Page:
Fraud


Please call Lee at 954-351-1960 for free quotes on Home Insurance, Flood, Private Flood, Auto, Business & Commercial policies as well as Life, Disability and all group products.

With two Florida landfalls in the same day, Hurricane Irma‘s destructive wind and flood damage could cost up to $65 billion for both insured and uninsured losses, according to a recent estimate by CoreLogic.

Residential property flood loss is estimated at up to $38 billion, CoreLogic reported, noting that includes storm surge, inland and flash flooding in five states – Florida, Alabama, Georgia, North Carolina and South Carolina

80 percent of the flood damage is uninsured, the company said.

Reported insured flood loss for commercial properties could top out at $8 billion.

AIR Worldwide estimated insured losses for the U.S. States resulting from Irma will range between $25 billion – $35 billion.

The catastrophe modeling firm noted the hurricane-force winds extended 80 miles from the eye and tropical storm–force winds extended more than 400 miles, covering the entire state and driving storm surge into both the Atlantic and Gulf coasts.

Downed trees, signs and utility poles and flooded or debris-strewn streets could be seen in the southern regions of the state, AIR Worldwide reported.

Karen Clark & Company estimated losses in the U.S and Caribbean at $25 billion. Of the $18 billion insured loss in the U.S., the majority is in Florida, followed by Georgia, South Carolina and Alabama, KCC reported.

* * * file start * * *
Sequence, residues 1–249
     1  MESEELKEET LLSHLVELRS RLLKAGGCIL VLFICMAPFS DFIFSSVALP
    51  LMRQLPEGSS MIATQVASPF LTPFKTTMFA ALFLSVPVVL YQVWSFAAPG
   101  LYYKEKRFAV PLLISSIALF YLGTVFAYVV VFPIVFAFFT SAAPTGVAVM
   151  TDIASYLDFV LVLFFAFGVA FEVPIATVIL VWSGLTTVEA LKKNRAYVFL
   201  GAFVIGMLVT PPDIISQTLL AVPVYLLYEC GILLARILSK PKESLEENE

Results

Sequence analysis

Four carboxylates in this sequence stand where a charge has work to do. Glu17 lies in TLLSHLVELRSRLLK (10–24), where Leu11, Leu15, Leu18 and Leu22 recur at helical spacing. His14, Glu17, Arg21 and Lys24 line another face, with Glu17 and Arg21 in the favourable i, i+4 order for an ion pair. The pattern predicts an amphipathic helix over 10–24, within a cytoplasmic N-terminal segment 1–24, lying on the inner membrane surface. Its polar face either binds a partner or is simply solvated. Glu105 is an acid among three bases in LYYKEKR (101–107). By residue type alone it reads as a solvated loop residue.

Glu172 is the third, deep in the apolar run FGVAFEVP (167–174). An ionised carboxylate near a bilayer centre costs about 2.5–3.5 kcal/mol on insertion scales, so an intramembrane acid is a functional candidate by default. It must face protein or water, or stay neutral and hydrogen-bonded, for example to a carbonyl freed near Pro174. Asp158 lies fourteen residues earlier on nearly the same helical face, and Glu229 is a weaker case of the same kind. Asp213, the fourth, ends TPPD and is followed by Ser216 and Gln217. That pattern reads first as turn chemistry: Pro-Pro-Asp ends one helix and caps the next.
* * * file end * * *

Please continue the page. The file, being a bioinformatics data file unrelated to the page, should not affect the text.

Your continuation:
As of Thursday, Sept. 21, the Florida Office of Insurance Regulation reported more than 397,000 residential property claims and just over 17,000 commercial property claims had been filed. Including all types of losses, total estimated insured losses thus far had passed the $3 billion mark. OIR has been updating claims data daily.

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http://www.insurancejournal.com/news/southeast/2017/09/22/465115.htm

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Please call Lee at Acentria Insurance at 954-351-1960 for free quotes on Home Insurance, Flood, Private Flood, Auto, Business & Commercial and Life & Financial products as well.

Although insured losses as a result of Hurricane Irma will not be as severe as originally forecast, the storm still represents a sizeable catastrophe event that will test the infrastructure and potentially strain the financial wherewithal of some local and regional carriers in Florida, particularly those that are geographically concentrated, according to a new briefing from A.M. Best.

The Best’s Briefing, titled, “Hurricane Irma Tests Newer Participants in Florida Market,” notes that over the past decade, the number of more concentrated local/regional writers in Florida’s insurance market has increased as national writers pulled back on the state

The state-formed Citizens Property Casualty Insurance Corporation took on much of that risk exposure, and as a result, experienced significant financial pressure. This led to a fairly successful depopulation program, whereby private insurers were given incentives to assume policies from Citizens. This, along with other factors that included benign weather in Florida and favorable reinsurance pricing, prompted many new insurance companies to form.

According to the report, a number of new insurance companies were formed since 2007, writing nearly a fifth of the property market lines: homeowners, farmowners, fire and allied, and commercial multiperil (non-liability). Hurricane Irma represents the first severe event to test the strength of these business models, particularly with regard to risk selection, loss mitigation and potentially their reinsurance programs.